Report on Political Developments

(Adopted at the Central Committee Meeting: August 8-10, 2014)





Global Economic Trends


Global economic growth is projected to be 3.4 per cent in 2014 according to the IMF mid-year review. The global economic growth was 3.2 in 2013. The EU countries have come out of a prolonged recession with growth registered from the second quarter of 2013. But the recovery is weak and fragile with unemployment levels at an aggregate 11 per cent. The US growth rate for the year 2014 is not expected to cross 2 per cent. China’s growth rate is expected to be 7.4 per cent in 2014 compared to 7.7 per cent in 2013 which is in line with the government’s focus on raising the quality of development and restructuring the economy.


While there is a general upswing in all the major developed economies in North America, Europe and Asia, nevertheless, after five years of being mired in the aftermath of the financial crisis, the present growth rates are insufficient to recover the output and job losses in most of these countries. The limited recovery that is taking place in Europe is at the expense of the working people. The austerity measures and drastic cuts in government and social sector expenditure has increased the level of poverty for 123 million people, or roughly 25 per cent of the population. All the European countries had instituted wage cuts and pay freezes of public sector workers. In the United States too real wages for most workers have virtually stagnated since the 1970s. In contrast, there is an upswing in the pay packets and bonuses of the CEOs and top executives of the big corporates and financial companies.


Protests and strikes against the austerity measures and pay freezes have been going on in many countries in the recent period. Notable among them were the strike struggles in Spain in the first two months of 2014; the one-day strike in France in May involving 5.5 million employees; the strike of municipal workers including teachers and social workers in Italy against wage cut, the five month long strike by platinum miners in South Africa and the strike by over a million public sector workers including teachers, civil servants and transport workers on July 10 in Britain.


West Asia:

Cauldron of Imperialist & Islamist Violence


The past few months have seen a veritable reactionary offensive in the Arab countries and West Asia. An Islamic extremist force, the Islamic State in Iraq & al-Shams (ISIS) has carved out a “Caliphate” in Northern Iraq and parts of Syria; in Libya rival armed militias mainly Islamist ones have plunged Libya into a civil war situation; in Egypt the army chief Sisi assumed the presidency and has ushered in a military-authoritarian regime and the Israelis have launched yet another round of brutal aggression in Gaza.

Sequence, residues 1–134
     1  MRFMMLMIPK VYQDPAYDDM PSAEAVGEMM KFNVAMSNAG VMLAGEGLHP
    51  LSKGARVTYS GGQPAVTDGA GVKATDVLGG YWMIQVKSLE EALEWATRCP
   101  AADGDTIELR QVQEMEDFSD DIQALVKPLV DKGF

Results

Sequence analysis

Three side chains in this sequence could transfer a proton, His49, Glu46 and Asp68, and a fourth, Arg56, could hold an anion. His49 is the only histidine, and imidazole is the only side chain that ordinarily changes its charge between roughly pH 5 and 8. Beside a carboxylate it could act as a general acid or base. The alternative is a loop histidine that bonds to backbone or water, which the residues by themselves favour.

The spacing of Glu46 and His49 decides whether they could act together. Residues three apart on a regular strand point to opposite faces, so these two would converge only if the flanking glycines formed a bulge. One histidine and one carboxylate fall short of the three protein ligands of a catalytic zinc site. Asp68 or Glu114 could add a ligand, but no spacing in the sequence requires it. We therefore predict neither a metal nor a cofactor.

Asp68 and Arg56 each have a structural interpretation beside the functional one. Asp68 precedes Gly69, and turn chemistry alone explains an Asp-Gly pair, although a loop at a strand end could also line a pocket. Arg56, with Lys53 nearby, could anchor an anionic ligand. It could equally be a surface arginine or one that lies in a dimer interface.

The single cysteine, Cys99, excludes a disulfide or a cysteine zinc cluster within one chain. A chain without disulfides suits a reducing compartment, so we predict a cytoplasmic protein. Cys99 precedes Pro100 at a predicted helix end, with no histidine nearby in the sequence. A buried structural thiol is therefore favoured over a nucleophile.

The democratic potential of the Arab uprising which took place in Tunisia, Egypt and other places has been drowned in a welter of imperialist intervention, sectarian Shia-Sunni strife, extremist Islamist attacks and authoritarian responses. The twin forces of imperialism and Islamist fundamentalism are responsible for these violent and reactionary turn of events.


US imperialism had intervened in order to assert its hegemony over the region and its oil resources by targeting the secular nationalist States of Iraq, Libya and Syria. The result has been the destruction of these states and the rise of Islamist forces. It has used the Islamist forces for its political aims which have resulted in the rise of Islamic fundamentalist forces who have gone out of control and are now on the rampage. Iraq, after US aggression and occupation stands divided with sectarian strife. The Al Qaeda extremists who came up during the US occupation have metamorphosed as the ISIS. They were given a free run in Syria in the Western backed rebellion against the Assad regime. It has now come back to Iraq strengthened and has occupied the Sunni areas of Northern Iraq threatening the Al Maliki government. Iraq is in real danger of becoming trifurcated. The Kurdish state in the north is more or less autonomous; the ISIS and its allies have occupied the northern area and the Shia dominated south is under the control of the Baghdad government. Part of the oil reserves are now under the control of the ISIS after the fall of Mosul and the neighbouring areas.


As in Iraq, the US and Nato intervention led to the ouster of the Gadaffi regime. The Western powers backed the militias and the Islamist forces to accomplish this. Three years later, Libya is riven by rival militias battling for control. Benghazi has fallen into rebel hands. The US Embassy in Tripoli was vacated in haste, while the country slides into anarchy. In Syria, the Saudi and Gulf states like Qatar have been financing the Sunni extremist forces along with US and Nato powers. The ultimate beneficiary has been the ISIS and other extremist forces. The Syrian government under Assad has retained control over a substantial part of the country, but Syria is divided and millions have fled as refugees to neighbouring countries.